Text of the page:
But there are two possibilities that could make this true. The first, as one rumor suggests, is that Tressel will step down but it’s not at all his decision. Jim Tressel has absolutely owned the Big Ten since arriving at Ohio State and he’s won a national championship in the last decade. Assuming the NCAA violations are limited to what we’re already aware of, I couldn’t imagine the University severing ties with “The Vest” over these violations and they certainly couldn’t base it on performance. Despite some issues with Tressel’s play calling, roster decisions, etc., he’s still had incredible success and this year is no different. Any program in the country would love to have a perennial ticket punched to a BCS Bowl game with a legitimate opportunity to win a National Championship.
So that brings me to the second possibility. The only possible reason I could see causing Jim Tressel to step down either voluntarily or involuntarily would involve wide-spread and pervasive NCAA violations on scale with, or worse than what we saw recently with USC. If the NCAA is already sniffing around and Tressel and the University are aware of significant violations which could lead the NCAA to concluding that they lack “Institutional Control”, then it would make perfect sense for Tressel to leave.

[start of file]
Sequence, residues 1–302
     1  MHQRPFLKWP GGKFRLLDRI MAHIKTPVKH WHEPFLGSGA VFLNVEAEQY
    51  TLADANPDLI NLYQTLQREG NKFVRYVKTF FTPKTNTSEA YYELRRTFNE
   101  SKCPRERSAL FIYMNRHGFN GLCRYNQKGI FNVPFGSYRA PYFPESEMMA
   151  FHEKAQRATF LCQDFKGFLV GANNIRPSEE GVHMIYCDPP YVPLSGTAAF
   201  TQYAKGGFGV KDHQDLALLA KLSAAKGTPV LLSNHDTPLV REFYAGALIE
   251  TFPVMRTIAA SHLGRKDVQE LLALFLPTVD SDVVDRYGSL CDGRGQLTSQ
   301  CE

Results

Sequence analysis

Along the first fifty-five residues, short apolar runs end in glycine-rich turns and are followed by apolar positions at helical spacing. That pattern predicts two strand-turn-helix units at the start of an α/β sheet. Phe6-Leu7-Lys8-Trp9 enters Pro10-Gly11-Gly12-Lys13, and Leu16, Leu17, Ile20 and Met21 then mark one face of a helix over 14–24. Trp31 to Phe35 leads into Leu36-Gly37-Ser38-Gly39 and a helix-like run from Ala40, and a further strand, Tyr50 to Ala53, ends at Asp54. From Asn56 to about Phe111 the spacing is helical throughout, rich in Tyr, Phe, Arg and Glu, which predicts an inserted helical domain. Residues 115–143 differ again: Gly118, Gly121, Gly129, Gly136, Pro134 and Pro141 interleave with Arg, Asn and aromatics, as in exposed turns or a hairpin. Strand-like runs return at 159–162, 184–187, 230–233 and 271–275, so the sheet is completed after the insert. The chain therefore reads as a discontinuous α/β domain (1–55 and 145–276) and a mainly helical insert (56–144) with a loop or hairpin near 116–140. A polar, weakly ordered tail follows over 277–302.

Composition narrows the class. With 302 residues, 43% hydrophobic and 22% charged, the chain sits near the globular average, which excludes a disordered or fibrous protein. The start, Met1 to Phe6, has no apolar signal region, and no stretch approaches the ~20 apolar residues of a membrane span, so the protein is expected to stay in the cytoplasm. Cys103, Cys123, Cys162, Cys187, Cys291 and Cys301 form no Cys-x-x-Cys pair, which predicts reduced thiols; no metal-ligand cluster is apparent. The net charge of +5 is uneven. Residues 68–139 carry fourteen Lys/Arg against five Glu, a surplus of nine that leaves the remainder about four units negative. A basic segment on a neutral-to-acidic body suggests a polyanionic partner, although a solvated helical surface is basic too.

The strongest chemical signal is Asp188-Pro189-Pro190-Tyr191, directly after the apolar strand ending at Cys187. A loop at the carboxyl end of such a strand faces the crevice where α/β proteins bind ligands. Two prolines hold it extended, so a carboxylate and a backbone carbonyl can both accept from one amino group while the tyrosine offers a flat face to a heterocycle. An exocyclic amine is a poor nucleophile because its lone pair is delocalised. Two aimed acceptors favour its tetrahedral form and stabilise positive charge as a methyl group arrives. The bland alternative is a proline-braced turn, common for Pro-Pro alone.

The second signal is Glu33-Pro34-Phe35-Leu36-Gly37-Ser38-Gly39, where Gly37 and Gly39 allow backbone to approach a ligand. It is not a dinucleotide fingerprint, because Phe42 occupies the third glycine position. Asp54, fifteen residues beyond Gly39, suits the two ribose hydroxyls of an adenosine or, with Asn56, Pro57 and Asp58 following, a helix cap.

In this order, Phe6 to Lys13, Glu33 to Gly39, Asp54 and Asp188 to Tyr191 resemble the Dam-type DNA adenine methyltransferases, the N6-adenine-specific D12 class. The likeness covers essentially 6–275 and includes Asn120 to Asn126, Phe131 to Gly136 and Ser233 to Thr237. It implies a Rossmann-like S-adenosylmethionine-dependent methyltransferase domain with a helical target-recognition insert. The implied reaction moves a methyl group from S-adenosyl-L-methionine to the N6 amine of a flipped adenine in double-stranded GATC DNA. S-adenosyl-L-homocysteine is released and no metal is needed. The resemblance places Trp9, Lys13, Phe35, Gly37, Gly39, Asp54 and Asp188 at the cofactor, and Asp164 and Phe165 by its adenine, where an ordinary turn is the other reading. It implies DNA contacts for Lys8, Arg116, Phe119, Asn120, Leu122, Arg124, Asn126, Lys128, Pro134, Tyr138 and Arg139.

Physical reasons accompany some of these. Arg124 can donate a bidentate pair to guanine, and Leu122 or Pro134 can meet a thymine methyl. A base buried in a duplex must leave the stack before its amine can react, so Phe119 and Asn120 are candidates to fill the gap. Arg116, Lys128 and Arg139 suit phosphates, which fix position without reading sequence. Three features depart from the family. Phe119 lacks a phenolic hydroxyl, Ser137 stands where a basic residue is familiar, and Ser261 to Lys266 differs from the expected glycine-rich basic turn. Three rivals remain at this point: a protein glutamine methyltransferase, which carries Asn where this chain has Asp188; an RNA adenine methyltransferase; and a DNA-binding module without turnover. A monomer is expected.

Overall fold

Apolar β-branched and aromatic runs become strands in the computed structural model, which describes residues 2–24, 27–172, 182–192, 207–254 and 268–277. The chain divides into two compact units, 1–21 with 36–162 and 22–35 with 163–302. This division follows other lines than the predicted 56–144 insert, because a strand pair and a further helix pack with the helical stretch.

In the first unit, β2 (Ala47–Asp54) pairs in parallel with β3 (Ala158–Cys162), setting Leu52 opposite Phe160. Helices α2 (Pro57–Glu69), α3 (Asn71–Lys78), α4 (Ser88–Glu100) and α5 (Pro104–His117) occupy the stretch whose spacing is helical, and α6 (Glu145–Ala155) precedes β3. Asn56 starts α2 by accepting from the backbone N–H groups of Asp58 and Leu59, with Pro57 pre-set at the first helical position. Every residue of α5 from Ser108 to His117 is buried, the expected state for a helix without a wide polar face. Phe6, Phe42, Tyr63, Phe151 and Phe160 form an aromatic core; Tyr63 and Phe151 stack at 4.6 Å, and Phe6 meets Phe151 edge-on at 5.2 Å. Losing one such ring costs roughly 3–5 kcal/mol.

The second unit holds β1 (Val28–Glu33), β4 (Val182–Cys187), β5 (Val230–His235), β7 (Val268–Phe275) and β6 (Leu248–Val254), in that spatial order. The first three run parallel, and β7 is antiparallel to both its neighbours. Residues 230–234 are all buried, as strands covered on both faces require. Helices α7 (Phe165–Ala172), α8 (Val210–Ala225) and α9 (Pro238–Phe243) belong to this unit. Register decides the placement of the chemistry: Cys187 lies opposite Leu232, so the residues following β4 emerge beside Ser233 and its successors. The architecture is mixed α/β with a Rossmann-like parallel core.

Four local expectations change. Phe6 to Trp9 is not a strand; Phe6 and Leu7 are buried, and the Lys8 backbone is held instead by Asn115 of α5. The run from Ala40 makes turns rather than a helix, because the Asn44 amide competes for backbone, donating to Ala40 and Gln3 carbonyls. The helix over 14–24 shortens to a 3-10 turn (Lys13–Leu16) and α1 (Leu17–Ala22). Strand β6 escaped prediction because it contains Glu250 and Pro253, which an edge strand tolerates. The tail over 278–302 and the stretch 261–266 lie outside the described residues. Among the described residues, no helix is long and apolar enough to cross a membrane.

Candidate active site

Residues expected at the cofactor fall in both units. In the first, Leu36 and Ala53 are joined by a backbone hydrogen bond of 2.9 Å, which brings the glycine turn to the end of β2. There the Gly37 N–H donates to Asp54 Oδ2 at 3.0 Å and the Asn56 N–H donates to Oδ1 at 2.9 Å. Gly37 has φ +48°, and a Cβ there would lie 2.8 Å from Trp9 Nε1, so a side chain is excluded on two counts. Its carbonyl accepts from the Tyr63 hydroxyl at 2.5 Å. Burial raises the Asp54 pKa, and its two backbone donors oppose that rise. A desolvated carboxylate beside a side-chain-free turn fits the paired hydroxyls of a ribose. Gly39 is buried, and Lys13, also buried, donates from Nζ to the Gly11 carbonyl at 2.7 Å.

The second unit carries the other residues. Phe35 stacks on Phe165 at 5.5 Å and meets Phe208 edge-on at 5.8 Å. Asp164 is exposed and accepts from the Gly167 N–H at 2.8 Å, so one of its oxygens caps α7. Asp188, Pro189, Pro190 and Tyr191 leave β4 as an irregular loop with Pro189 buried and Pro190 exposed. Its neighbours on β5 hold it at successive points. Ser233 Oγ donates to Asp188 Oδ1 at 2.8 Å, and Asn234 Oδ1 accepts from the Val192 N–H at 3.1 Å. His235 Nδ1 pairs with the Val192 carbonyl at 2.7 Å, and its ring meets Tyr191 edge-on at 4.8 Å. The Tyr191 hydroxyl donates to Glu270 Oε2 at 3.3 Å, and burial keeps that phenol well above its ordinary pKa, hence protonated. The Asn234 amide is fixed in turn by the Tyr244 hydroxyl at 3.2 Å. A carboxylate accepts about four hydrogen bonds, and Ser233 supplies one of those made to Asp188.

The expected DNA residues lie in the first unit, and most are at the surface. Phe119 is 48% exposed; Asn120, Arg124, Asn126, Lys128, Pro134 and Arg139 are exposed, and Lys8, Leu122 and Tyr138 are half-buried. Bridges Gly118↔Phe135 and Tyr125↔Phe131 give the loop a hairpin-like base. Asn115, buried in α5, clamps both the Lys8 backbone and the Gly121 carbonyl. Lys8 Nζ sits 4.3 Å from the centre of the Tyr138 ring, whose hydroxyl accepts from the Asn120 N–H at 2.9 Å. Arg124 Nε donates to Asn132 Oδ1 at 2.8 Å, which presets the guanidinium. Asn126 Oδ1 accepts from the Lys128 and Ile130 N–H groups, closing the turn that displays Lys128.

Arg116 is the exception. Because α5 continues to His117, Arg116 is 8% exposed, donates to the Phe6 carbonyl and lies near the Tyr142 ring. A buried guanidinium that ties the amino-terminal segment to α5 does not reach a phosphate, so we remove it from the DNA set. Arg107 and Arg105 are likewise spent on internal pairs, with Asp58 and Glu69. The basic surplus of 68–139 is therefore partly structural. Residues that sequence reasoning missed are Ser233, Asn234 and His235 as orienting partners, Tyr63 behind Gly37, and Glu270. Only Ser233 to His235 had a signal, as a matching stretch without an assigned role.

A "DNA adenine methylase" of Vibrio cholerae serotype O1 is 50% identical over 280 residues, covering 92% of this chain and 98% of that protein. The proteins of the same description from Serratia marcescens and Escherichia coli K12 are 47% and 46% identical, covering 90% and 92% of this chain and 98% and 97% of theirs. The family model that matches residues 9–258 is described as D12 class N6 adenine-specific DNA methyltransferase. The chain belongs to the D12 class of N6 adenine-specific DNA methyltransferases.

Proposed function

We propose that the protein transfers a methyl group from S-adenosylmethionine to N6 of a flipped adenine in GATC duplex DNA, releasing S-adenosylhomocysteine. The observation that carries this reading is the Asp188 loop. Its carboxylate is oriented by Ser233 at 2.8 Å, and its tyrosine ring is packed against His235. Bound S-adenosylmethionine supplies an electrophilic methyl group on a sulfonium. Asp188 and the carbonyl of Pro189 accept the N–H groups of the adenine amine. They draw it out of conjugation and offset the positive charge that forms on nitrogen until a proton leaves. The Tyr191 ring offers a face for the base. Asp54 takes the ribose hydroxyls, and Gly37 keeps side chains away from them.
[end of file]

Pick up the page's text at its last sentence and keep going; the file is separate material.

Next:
If something horrific like this were going on and he or the University sees the writing on the wall, then it would make sense for either side to part ways. I’m certainly not suggesting that this is what’s going on and sure hope it isn’t but one article I read today referenced Ohio State leading the nation in NCAA violations from 2000-2009. Obviously most have been minor and have gone unnoticed, but there would appear to be some issues going on in Columbus if this is accurate.
I’ll keep a close eye on the story (or non-story) as it develops and I’ll update as soon as I hear more.
Terrelle Pryor has had a rough season after being projected as the Big Ten Offensive Player of the Year. He was shut out of the Big Ten post-season awards, let alone any national recognition and he’s made it quite clear that he’s upset about it. Despite the Buckeyes 1 loss season and earning a share of their 6th straight Big Ten Championship, he has been quite displeased. The Buckeyes earned yet another trip to a BCS Bowl game where they will face off against Akransas in the Allstate Sugar Bowl.
News came out today from multiple sources that Terrelle Pryor and multiple Buckeye players are involved in potential NCAA violations. Specifically, it is alleged that Pryor and the other players received free tattoos in exchange for autographs from a Columbus tattoo parlor, Fine Line Ink.